The “knock out game,” where defenseless people are brutally and randomly attacked, is a shocker. It’s hard to imagine why teenagers, apparently bored out of their minds, would get a thrill out of beating up an old man or woman.
We are all outraged. But we are also divided on the causes. Some charge racism. Others cry a sick culture. Still others blame rising inequality in America.
Inequality was the subject of President Obama’s recent speech. He did not address the knockout game, but he clearly believes income inequality is the root cause of many of the social problems in America. It’s behind the rising mistrust in our society which he believes is damaging families and harming our “social cohesion.” I wouldn’t be surprised if the president thinks that his narrative of “mistrust” is at least partly to blame for the spread of the knockout game.
He is right about one thing--partly. There is an “income gap” in America, although as The Heritage Foundation’s Stuart Butler and Donald Schneider point out, the research shows little or no relationship between that gap and people’s ability to move up the ladder of opportunity. Yes, it is true that there is a problem with social mobility for those starting out near the bottom, even though the degree of the problem is often exaggerated.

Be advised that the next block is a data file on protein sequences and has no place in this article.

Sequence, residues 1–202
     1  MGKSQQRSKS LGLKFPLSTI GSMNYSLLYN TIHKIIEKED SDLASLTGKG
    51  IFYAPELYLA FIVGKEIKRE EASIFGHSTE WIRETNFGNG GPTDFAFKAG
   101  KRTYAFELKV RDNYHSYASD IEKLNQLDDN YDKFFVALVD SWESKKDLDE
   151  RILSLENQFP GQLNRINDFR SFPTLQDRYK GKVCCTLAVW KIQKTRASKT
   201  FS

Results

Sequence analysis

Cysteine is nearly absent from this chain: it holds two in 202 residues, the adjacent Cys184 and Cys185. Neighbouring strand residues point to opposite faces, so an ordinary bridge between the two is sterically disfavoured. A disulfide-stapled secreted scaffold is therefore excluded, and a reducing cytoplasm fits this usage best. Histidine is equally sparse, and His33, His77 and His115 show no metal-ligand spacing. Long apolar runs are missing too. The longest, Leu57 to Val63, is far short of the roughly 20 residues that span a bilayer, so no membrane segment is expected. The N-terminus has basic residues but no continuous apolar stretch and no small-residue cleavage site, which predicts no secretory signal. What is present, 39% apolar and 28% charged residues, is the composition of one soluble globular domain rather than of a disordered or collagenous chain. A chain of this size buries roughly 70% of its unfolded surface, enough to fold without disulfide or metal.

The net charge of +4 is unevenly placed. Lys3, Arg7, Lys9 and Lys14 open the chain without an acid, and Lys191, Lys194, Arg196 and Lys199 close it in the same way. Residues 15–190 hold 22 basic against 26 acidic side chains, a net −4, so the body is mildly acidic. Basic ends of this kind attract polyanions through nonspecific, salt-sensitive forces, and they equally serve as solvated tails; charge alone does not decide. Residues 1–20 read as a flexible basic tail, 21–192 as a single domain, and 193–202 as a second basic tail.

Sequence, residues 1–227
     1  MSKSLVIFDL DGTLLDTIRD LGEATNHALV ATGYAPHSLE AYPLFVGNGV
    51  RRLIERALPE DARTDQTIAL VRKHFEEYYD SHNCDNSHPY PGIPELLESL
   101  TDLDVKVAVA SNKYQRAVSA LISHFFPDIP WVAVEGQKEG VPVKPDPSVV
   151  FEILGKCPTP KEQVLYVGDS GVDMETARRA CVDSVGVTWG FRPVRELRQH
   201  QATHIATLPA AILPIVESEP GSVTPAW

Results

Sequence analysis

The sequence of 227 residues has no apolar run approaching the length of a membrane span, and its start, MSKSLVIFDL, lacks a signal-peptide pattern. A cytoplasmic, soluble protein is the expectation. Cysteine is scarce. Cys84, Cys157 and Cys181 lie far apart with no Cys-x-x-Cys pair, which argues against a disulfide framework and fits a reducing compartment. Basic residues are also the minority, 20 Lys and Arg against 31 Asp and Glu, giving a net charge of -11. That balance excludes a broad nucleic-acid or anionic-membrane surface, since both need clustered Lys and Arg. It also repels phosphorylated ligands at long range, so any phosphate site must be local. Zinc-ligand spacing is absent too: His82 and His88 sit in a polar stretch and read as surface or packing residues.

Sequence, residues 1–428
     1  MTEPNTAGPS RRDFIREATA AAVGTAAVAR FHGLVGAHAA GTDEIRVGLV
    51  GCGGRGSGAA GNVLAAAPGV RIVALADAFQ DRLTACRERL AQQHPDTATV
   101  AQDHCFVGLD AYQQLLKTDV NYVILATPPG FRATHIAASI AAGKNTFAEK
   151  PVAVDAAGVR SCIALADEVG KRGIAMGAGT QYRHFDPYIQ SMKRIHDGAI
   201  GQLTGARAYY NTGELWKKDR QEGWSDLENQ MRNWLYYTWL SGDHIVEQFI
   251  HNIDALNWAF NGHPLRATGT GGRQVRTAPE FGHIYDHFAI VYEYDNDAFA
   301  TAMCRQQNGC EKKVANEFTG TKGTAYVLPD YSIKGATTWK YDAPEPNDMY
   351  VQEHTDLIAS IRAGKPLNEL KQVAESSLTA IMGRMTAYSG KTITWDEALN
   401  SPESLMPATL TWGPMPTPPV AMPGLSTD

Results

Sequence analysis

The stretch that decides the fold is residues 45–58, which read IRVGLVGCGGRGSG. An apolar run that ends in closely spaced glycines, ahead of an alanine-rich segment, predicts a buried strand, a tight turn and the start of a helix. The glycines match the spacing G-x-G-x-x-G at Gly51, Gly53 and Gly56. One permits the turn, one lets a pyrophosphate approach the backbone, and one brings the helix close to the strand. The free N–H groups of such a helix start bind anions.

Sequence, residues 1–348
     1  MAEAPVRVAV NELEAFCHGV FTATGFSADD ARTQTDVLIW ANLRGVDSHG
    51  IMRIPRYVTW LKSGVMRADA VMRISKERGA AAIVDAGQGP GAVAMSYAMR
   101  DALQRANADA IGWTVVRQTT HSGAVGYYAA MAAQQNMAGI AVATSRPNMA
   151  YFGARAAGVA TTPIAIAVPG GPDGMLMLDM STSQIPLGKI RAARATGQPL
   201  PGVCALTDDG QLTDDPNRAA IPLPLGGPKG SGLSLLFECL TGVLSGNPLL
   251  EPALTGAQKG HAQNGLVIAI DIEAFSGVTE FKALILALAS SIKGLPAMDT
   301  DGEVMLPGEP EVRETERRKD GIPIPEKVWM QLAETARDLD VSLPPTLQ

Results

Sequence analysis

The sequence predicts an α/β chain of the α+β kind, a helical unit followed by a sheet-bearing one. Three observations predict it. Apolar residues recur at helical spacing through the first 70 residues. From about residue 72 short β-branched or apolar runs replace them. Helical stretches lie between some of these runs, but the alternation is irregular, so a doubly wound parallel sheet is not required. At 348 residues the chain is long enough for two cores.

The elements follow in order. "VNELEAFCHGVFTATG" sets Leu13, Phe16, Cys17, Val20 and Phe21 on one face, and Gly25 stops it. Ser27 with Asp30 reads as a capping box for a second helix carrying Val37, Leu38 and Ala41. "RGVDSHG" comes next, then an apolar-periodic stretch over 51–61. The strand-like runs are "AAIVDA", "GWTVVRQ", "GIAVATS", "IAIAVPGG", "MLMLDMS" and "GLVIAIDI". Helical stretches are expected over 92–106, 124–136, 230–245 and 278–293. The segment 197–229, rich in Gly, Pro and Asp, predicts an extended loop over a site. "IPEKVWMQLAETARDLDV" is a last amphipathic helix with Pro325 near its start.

But Obama is wrong about the cause. He thinks it is that the government has done too little to redistribute money and create new programs. The welfare state is still too small and entitlement spending too low, he says. Not enough is spent on unemployment insurance or federal education programs. If only the minimum wage was higher, or unions had stronger collective bargaining rights, presumably the “defining challenge of our time,” as he calls the issue of inequality, could be solved.
Put aside the grand canyon-sized gap between rhetoric and the reality; how raising the minimum wage a few dollars, or giving unionized government employees a raise, is supposed to even begin to solve the deep-seated social problems of America’s declining civil society is beyond me.
But the deeper problem is that President Obama has completely reversed cause and effect. America’s inner-city public schools are not a disaster because the minimum wage is too low. Rather they are a disaster because they don’t give young people the education and skills they need to command a sufficient wage in the market place. It is not insufficient government intervention which has caused inequality, but too much of the wrong kind of intervention.
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